Copper was flat on Wednesday subdued by worries about a global slowdown following a weak start to the US corporate earnings season and amid protracted sovereign debt problems in Europe, while traders awaited key economic data from top metals consumer China later this week.

LME copper traded at $7,506 a tonne at 12:15 SA time, little changed from Tuesday's close of $7,490 a tonne. Prices

have rebounded from six month lows of $7,233.25 a tonne hit one month ago, and are down one percent on the year.

“Markets are really quiet, there's no conviction in any direction. Investors are very uncommitted and consumers are away from the market because summer trade has started,” analyst Stephen Briggs of BNP Paribas said.

“People are waiting for something concrete to happen in terms of the Fed, endless drama in Europe, and China's GDP,” he added.

European shares fell on Wednesday after profit warnings from US companies compounded fears the sluggish global economy will erode earnings, while scepticism over the euro zone's ability to tackle its debt crisis pressured other risk assets.

With trade already thinned by Europe's summer, where much of industry shutters for a long summer break, metals prices were at risk of falling further, if support from the euro failed to hold, traders said.

The euro held near two-year lows versus the dollar on Wednesday as it emerged there would be no quick resolution to a German court hearing on activating euro zone bailout funds, adding to unease over how policymakers will tackle the debt crisis.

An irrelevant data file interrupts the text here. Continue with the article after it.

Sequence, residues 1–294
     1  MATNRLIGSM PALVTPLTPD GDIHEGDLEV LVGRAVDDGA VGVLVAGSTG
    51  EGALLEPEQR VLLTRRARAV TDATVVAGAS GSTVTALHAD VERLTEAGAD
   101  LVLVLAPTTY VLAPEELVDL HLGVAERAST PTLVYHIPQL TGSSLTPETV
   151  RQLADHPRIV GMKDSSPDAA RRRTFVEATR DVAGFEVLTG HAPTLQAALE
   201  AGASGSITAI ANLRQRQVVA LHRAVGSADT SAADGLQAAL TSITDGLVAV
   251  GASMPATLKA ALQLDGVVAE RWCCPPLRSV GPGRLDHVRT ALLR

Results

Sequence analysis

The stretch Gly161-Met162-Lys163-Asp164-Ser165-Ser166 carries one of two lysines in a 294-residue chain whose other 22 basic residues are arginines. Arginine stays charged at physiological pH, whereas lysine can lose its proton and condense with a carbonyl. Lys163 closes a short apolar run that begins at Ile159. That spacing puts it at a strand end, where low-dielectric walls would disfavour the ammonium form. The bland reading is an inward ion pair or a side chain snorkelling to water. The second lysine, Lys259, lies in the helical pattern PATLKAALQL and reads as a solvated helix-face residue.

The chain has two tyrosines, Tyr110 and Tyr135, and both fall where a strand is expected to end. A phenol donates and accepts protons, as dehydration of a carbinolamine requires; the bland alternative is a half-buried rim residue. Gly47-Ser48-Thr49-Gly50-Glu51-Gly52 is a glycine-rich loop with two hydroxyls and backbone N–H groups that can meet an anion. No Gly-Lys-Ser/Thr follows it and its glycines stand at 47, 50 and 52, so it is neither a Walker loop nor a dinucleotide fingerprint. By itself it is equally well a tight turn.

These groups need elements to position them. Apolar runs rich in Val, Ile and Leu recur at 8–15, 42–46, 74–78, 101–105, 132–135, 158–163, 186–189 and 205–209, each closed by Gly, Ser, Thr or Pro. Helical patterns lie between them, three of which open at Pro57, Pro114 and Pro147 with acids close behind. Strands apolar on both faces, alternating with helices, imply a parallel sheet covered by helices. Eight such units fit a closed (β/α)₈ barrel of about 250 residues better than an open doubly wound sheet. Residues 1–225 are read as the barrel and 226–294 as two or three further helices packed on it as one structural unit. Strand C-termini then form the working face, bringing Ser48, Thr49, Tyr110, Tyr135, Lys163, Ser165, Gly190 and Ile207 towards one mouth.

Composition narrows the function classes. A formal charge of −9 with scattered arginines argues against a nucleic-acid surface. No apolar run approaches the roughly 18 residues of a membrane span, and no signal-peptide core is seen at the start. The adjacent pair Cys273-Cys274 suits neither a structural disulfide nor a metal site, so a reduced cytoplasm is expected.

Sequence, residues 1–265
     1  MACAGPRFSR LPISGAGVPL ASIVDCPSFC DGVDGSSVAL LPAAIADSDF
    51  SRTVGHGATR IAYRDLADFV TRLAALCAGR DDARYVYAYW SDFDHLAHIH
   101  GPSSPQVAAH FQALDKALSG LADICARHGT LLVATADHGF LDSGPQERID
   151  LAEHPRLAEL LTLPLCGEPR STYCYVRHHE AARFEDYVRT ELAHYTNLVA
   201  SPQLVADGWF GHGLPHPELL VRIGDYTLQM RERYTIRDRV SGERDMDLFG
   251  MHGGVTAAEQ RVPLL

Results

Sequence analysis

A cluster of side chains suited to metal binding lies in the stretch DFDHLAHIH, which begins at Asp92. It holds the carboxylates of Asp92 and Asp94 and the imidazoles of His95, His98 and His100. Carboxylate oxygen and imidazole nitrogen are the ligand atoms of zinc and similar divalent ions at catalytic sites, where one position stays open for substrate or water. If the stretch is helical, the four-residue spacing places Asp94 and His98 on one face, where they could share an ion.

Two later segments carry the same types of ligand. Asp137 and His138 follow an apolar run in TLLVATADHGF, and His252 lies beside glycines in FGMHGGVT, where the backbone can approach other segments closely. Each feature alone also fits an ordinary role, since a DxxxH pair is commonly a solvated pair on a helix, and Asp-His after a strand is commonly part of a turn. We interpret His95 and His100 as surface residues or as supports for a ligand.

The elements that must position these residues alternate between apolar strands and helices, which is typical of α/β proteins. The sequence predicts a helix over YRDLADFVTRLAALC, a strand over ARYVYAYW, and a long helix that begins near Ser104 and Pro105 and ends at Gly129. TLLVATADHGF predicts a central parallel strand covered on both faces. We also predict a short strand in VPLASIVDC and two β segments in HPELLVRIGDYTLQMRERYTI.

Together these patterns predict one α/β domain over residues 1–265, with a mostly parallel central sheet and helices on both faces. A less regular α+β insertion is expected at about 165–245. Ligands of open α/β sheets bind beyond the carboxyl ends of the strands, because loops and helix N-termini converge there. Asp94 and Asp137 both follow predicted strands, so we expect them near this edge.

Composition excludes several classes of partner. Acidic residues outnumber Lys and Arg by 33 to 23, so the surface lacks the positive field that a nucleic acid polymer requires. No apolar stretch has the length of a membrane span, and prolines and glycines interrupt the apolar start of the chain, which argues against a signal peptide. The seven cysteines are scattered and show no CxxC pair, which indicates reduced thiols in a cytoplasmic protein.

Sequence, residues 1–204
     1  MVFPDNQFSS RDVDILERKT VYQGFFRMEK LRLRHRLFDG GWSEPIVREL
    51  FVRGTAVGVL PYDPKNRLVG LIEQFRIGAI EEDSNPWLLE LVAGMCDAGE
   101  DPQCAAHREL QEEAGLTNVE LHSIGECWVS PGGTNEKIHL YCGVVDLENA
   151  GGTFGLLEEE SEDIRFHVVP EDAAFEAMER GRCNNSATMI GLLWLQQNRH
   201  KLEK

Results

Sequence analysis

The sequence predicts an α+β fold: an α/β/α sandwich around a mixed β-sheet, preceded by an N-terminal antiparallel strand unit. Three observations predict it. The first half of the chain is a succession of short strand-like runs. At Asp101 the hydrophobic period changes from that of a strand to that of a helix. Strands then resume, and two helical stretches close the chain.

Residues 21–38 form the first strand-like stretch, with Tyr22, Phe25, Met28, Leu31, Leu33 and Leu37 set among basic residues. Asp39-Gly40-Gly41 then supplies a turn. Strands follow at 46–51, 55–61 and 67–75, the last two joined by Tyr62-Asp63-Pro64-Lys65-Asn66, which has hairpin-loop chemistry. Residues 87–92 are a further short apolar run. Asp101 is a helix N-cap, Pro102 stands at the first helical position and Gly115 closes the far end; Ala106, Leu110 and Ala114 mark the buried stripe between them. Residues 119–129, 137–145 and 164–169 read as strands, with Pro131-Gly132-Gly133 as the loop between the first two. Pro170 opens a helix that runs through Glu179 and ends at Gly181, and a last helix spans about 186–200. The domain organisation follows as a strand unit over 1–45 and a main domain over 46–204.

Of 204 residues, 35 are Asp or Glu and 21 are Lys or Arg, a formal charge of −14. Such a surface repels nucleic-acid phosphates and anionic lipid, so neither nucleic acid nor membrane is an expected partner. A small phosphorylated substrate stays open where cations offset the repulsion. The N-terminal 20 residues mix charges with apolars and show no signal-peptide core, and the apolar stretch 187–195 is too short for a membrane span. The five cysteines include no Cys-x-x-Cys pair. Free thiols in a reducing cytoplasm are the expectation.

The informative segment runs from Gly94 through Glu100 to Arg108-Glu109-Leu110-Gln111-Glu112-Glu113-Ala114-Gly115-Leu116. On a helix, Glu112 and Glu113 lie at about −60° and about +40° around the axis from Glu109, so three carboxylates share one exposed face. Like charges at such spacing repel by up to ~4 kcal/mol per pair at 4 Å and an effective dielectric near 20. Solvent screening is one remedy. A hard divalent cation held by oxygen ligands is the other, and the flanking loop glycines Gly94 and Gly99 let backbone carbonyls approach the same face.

A stronger dollar makes commodities more expensive for holders of other currencies.

June trade data from China this week stoked anxiety about the strength of domestic demand in the world's second biggest economy as imports rose at only half the pace expected.

Markets are now hoping that weak GDP numbers will herald another round of monetary easing and lift commodity prices

“RBS remains constructive towards commodities and we consider the current price weakness as an opportunity to gain commodity exposure before we expect prices to rally later in the year,” the bank said in a research note.

“Price induced producer cutbacks; a forecast seasonal commodity consumption recovery in Q4 and likely renewed monetary stimulus response in the US, Europe and China, are some of the factors that we believe will bolster commodity prices in the

months ahead.”


Prices of LME nickel have fallen towards 2.5 year lows due to weakness in the stainless steel sector, for which nickel is a key material, and smooth exports of ore from Indonesia, which has been subject to a change in export regulations, BNP Paribas's Briggs added.

“Nickel is weak, and one can probably cite developments out of Indonesia as a factor in that exports are getting back to normal. (Authorities) seem to be issuing exports for permits at massive levels. From now until 2014 at least there seems to be not much of a risk to nickel ore supply to China,” he added.

Indonesia has awarded mineral export permits to 15 nickel ore miners since it introduced curbs on such shipments in May, a trade ministry official said earlier this month after the restrictions triggered panic buying by customers in key buyers Japan and China.

Nickel was at $16,183 from $16,050. Prices hit $15,980 on June 7, the lowest since Dec 2009.

Tin traded at $18,670 a tonne from $18,775 while zinc, used in galvanising was at $1,837 f rom $1,830 on Tuesday's close.

Battery material lead was at $1,870 from $1,874 and aluminium was at $ 1,910 from $ 1,912. - Reuters